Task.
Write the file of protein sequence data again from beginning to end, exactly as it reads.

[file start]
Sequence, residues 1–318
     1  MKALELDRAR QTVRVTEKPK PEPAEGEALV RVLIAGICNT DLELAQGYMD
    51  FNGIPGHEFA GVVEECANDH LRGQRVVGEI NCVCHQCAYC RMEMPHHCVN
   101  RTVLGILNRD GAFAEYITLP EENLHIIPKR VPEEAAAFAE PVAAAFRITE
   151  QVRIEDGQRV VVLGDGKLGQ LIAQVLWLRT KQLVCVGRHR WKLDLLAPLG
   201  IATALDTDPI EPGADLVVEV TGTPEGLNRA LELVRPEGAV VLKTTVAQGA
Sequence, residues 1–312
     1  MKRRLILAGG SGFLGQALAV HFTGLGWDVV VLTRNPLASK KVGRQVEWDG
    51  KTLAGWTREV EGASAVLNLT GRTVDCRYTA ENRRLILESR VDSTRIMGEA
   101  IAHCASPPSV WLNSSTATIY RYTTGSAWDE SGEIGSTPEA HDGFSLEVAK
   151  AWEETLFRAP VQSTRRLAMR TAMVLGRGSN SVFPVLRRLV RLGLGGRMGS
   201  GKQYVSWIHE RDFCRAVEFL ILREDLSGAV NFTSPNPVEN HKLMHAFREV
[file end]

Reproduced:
Sequence, residues 1–318
     1  MKALELDRAR QTVRVTEKPK PEPAEGEALV RVLIAGICNT DLELAQGYMD
    51  FNGIPGHEFA GVVEECANDH LRGQRVVGEI NCVCHQCAYC RMEMPHHCVN
   101  RTVLGILNRD GAFAEYITLP EENLHIIPKR VPEEAAAFAE PVAAAFRITE
   151  QVRIEDGQRV VVLGDGKLGQ LIAQVLWLRT KQLVCVGRHR WKLDLLAPLG
   201  IATALDTDPI EPGADLVVEV TGTPEGLNRA LELVRPEGAV VLKTTVAQGA
Sequence, residues 1–312
     1  MKRRLILAGG SGFLGQALAV HFTGLGWDVV VLTRNPLASK KVGRQVEWDG
    51  KTLAGWTREV EGASAVLNLT GRTVDCRYTA ENRRLILESR VDSTRIMGEA
   101  IAHCASPPSV WLNSSTATIY RYTTGSAWDE SGEIGSTPEA HDGFSLEVAK
   151  AWEETLFRAP VQSTRRLAMR TAMVLGRGSN SVFPVLRRLV RLGLGGRMGS
   201  GKQYVSWIHE RDFCRAVEFL ILREDLSGAV NFTSPNPVEN HKLMHAFREV